For those of us who travel infrequently, taking a flight can be a budget minefield. It’s not just the constantly rising price of airline tickets, either. If you don’t plan ahead the next time you fly to Aunt Sylvia’s for the holidays, you may find that the associated costs of flying — from checked luggage to parking to food — may just put a big hole in your travel budget. Here are the ways frequent flyers keep their costs low:

1. Travel light. Airlines charging for checked bags are nothing new anymore, but the extra charges may still come as a nasty surprise to an infrequent flyer. Make sure you know your airline’s checked luggage guidelines, including the weight limit and number of bags you may check for free or for the lowest price. Knowing what to expect ahead of time will allow you to decide what needs to be packed and what can be shipped ahead (or left behind altogether).

There are also ways to reduce (or eliminate) the fees. You can usually get a cheaper rate if you pay for it before you get to the airport, and you may even have a credit card that will reimburse you for checked baggage fees.

Want to learn how to pack lighter? Here are some tips.
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Most of us know that one of the most important steps to build wealth over the long term is to invest our money, but the idea of investing, for many, is scary. The memories of the last financial crisis may finally be starting to fade, and anyone who remembers that time can tell you of someone they know who had their entire retirement accounts chopped in half. In fact, it was so painful people started calling their 401ks 201ks. Many people had to put off retirement because of the decline, and that’s if they are lucky to still have a job.

While stock market valuations are much higher now, some people are still concerned about what could be coming next. The economy may be doing better, but the headlines are as scary as ever. War, brexit, and the Fed raising interest rates too fast all seem to be just around the corner. In these types of conditions, it’s hard to remain calm when it comes to your money.

Before you panic, though, it’s a good idea to step back. Often, the solution is not to unceremoniously dump your investments, especially stocks. It’s better to have a measured response to the issue. Here are a few things you can do to in order to help you remain calm when you aren’t sure about the market:
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cable tv

Cable companies are a supreme example of a natural monopoly. They’re the easiest example for economics professors to use, because, due to structural conditions, only a few competitors can exist in any cable market. Often, there is only one option that consumers can choose. The consumer has no leverage and is thus at the mercy of the cable company.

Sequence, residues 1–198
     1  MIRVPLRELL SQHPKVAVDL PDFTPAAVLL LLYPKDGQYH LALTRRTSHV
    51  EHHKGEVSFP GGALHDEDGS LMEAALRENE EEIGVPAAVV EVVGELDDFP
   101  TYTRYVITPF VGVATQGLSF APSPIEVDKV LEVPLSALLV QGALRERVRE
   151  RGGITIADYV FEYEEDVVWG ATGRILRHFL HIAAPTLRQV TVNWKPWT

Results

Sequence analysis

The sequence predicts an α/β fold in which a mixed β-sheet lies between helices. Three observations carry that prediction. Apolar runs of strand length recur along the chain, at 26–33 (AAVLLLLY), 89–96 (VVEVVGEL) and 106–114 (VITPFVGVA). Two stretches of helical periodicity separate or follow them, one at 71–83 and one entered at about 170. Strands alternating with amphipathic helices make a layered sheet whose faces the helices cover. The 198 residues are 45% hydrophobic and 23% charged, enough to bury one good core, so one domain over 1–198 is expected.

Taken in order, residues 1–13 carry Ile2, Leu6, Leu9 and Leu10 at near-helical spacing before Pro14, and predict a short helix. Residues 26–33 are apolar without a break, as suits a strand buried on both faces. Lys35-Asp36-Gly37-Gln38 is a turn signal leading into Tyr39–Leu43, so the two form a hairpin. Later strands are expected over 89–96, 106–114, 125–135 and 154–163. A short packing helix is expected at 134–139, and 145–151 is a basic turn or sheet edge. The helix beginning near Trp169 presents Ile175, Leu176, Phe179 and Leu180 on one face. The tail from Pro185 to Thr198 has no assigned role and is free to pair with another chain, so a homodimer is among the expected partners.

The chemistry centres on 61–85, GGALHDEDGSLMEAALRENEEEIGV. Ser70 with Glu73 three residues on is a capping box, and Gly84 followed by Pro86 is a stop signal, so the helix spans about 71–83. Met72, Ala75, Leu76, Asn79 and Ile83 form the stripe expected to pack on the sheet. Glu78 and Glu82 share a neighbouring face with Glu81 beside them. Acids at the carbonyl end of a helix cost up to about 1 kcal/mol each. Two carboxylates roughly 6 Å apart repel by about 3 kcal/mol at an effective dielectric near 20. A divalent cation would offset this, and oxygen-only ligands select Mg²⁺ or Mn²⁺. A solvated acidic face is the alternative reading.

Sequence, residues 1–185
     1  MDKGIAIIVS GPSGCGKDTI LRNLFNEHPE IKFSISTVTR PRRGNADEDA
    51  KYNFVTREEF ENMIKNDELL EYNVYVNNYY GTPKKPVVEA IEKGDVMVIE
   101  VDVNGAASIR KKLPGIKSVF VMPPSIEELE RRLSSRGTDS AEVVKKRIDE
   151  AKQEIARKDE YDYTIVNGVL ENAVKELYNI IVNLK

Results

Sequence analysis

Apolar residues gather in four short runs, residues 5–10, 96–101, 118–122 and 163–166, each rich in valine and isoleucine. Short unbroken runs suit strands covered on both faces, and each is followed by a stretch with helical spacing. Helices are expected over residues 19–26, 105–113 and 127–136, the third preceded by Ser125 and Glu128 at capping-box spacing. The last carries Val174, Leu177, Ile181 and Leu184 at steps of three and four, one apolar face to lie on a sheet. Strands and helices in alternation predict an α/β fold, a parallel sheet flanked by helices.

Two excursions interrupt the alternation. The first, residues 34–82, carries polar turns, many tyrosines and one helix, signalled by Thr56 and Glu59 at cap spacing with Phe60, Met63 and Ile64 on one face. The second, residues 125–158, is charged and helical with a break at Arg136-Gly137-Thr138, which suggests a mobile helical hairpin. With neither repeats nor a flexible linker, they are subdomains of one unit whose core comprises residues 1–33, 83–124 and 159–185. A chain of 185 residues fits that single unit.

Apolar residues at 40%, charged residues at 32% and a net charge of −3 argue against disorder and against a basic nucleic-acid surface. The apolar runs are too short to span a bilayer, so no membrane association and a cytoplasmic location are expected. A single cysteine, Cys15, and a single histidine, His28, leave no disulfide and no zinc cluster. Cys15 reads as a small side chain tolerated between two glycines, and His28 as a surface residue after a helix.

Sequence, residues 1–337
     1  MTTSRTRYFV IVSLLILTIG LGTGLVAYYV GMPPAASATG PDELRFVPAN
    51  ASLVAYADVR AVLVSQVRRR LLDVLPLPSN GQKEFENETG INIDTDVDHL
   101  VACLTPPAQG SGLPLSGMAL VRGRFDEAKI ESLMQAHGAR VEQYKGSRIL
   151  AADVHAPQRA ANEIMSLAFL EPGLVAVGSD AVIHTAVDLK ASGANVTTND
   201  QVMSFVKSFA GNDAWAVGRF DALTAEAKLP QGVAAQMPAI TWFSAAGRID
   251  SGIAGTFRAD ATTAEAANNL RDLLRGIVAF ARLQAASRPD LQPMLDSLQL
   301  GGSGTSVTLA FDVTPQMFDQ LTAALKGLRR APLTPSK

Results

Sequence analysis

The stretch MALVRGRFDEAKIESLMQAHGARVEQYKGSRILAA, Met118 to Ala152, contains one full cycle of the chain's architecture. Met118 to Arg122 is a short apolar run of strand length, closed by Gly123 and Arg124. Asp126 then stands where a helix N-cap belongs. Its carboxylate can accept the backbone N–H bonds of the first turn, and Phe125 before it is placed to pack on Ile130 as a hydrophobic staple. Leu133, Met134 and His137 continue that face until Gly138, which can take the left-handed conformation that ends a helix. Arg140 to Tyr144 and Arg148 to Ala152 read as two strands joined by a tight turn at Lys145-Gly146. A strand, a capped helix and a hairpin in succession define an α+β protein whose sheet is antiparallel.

Over the years, the price of cable has increased significantly. Luckily, other forms of technology and media have grown as well, leading to a shift in favor of the consumer.

If your cable bill is too high, you now have options. 
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money buys happiness

“Money does not buy happiness.”

How many times have you heard this? Lots of times, I am willing to bet. Our culture sends us two very conflicting messages about money. The first, a message that tells us money is everything. Celebrity culture, the rich and famous, Wall Street greediness, the twinge of jealousy we feel when we see a house bigger than ours, a car newer than our car.

Then, there’s the completely opposite message, the one that treats wealth – and the wealthy – with suspicion, that works hard to teach us NOT to envy them, to see the limitations that wealth has and the potential trouble it can cause. In some families, it gets to the point of feeling that money is somehow dirty, that it’s not a proper topic for conversation, that flaunting what you’ve got is tacky and that being poor is almost a virtue.
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There are a number of unscrupulous types out there, waiting to take your hard earned money. One of the most common ways criminals try and scam you is to “phish” for your information. In these types of scams, you are asked to reveal personal financial information. This information can then be used to commit identity fraud — and can cost you in time and in money.

Consumer Reports Money Adviser has issued a warning about three different scams that have been circulating recently. While the affected areas, so far, are rather small, you never know when something will spread. Here are some scams to be aware of:
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buying a house
My entire family got involved when I first considered buying a house, since I have the luck of being related to real estate agents, investors, and other experts that are more than happy to give advice about buying a property — even before I ask.

The first thing they asked me was exactly how long I expected to stay in the house. Though I didn’t know the exact amount of time, they wanted to make sure that I’d own the house for at least five years.

Why’s that? What’s the five-year rule for buying a house? 
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